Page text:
What are night terrors in children?

A night terror (or sleep terror) is when your child suddenly gets very agitated while in a state of deep sleep. Deep sleep is hard to wake up from.

If your child is having a night terror, she might look like she’s in a panic. Her heart might be racing, and she might be breathing fast and sweating. She might also look like she’s awake – for example, her eyes might be open or she might be crying. She might even sit up or get out of bed and run around.

Your child is actually asleep during a night terror, so he won’t respond when you try to comfort him.

Night terrors happen suddenly and often start with a cry or scream. They usually settle down in 10-15 minutes, but they can last longer than this. They don’t usually happen more than once a night. Sometimes they happen every night and then go away for several weeks.

Night terrors might seem scary to you, but they don’t hurt your child. Children don’t remember them in the morning and aren’t aware of having had a bad dream or a fright.

What to do if your child has night terrors

Here’s what to do – and not do – if your child has night terrors:

  • Avoid waking your child during a night terror. A child having a night terror will only be confused and disorientated if you wake her. If you leave her asleep, the night terror will be over more quickly and your child won’t remember it ever happened.
  • Wait for your child to stop thrashing around. Guide your child back to bed (if he got out) and tuck him in. He’ll usually settle back to sleep quickly at this stage. If you think your child might get hurt, stay close to guide him away from hitting or bumping the sides of the cot, bed or other obstacles.
  • Try a regular bedtime routine of bath, story and bed. This might help your child feel ready for sleep and help her get more sleep. Lack of sleep can cause night terrors in some children.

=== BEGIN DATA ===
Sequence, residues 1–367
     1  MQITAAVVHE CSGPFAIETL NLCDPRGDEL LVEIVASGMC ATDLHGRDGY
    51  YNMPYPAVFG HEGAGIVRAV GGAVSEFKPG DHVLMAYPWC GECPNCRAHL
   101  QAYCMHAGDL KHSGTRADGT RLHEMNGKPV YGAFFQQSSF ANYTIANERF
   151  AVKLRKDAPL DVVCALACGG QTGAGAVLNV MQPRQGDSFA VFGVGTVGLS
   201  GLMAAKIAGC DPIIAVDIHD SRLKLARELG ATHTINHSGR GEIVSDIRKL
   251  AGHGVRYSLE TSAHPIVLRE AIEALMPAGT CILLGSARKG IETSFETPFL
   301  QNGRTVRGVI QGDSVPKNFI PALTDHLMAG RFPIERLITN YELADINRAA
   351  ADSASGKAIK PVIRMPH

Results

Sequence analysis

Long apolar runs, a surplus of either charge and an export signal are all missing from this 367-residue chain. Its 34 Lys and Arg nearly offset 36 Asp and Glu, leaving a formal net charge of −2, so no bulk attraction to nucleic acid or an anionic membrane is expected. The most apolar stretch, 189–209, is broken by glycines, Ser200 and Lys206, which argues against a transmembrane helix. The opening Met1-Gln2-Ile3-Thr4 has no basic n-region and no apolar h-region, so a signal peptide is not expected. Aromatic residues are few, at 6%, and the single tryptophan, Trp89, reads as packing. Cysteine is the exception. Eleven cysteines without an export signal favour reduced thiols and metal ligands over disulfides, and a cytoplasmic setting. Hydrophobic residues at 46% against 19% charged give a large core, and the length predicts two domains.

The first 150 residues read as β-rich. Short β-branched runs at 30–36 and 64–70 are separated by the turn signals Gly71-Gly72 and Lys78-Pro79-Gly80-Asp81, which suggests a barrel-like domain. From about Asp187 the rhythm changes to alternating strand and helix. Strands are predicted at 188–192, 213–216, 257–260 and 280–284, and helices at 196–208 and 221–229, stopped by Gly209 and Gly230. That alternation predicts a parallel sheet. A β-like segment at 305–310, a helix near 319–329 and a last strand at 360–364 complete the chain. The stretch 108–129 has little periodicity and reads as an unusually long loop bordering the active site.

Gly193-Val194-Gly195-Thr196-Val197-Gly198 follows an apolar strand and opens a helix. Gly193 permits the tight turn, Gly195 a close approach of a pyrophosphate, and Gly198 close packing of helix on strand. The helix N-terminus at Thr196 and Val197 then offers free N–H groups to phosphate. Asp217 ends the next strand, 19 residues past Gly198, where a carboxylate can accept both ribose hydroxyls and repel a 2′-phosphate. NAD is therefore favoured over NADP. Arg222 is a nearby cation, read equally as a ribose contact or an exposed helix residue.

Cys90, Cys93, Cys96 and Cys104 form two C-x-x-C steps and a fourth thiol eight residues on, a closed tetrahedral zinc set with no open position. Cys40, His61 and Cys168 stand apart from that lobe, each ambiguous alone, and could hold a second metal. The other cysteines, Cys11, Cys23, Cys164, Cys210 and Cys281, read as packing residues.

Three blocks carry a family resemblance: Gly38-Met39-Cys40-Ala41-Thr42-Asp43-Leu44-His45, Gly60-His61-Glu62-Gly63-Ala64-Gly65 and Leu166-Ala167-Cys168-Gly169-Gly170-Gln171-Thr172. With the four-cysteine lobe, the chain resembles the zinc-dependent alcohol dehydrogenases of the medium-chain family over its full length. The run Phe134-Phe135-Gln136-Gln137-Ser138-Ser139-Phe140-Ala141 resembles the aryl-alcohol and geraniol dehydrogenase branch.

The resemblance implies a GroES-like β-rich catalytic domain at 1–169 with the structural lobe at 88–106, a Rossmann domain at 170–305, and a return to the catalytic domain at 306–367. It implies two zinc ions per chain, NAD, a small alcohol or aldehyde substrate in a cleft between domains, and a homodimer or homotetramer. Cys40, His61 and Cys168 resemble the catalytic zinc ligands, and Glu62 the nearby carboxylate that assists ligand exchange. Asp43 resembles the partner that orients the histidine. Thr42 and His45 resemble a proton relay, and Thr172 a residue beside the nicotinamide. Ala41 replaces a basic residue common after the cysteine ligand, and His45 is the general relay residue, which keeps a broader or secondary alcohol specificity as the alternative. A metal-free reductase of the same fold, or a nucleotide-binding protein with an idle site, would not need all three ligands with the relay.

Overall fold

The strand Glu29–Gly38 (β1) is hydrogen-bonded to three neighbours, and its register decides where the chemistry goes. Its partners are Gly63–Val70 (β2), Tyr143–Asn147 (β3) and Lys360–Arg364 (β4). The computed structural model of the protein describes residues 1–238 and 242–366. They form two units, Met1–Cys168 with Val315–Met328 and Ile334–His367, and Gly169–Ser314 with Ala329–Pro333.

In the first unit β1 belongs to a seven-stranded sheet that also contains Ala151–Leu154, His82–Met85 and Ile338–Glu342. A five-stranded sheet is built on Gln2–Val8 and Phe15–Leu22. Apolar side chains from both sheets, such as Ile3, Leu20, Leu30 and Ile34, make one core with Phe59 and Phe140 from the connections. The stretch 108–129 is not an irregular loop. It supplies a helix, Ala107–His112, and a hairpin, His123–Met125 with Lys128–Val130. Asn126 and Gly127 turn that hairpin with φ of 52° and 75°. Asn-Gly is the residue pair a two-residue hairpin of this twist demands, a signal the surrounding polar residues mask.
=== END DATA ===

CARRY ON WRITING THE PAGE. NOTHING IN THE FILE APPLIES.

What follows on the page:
• If your child is having regular night terrors around the same time each night, try waking him about half an hour before the usual night terror time and resettling him. This works for some children.
  • Try not to worry about night terrors. They don’t mean there’s something wrong with your child.
Night terrors are normal in children aged 2-12 years, and they’re most common between the ages of 2 and 4 years. Most children outgrow night terrors by the time they reach puberty.

When to get help for night terrors

If your child is having night terrors along with breathing problems like snoring, talk with your GP about an ear, nose and throat assessment.

It can help to keep a sleep diary that describes when and where your child sleeps, and how often she has night terrors. You can share this information with your GP if you’re concerned that your child isn’t getting enough good-quality sleep, or your child’s night terrors are frequent and violent or continue over many months.

What causes night terrors in children?

A common cause of night terrors is not having enough good-quality sleep.

Also, children are more likely to have night terrors if they’re not well. Fever and certain medications can increase the likelihood of night terrors.

Night terrors can run in families. Your child is more likely to have night terrors if someone else in the family has had them.

Night terrors and nightmares

Night terrors are different from nightmares.

Children are usually awake and distressed after a nightmare, but they sleep through night terrors and don’t remember them when they wake up.

Night terrors happen during the first few hours of sleep, when your child is sleeping very deeply. Nightmares tend to happen in the second half of the night, when your child is sleeping lightly and dreaming.

Night terrors are less common than nightmares.

You handle night terrors differently from nightmares. This is because a child who’s had a nightmare might wake up, remember the nightmare and feel upset, but children with night terrors won’t. For more information, read our article on nightmares.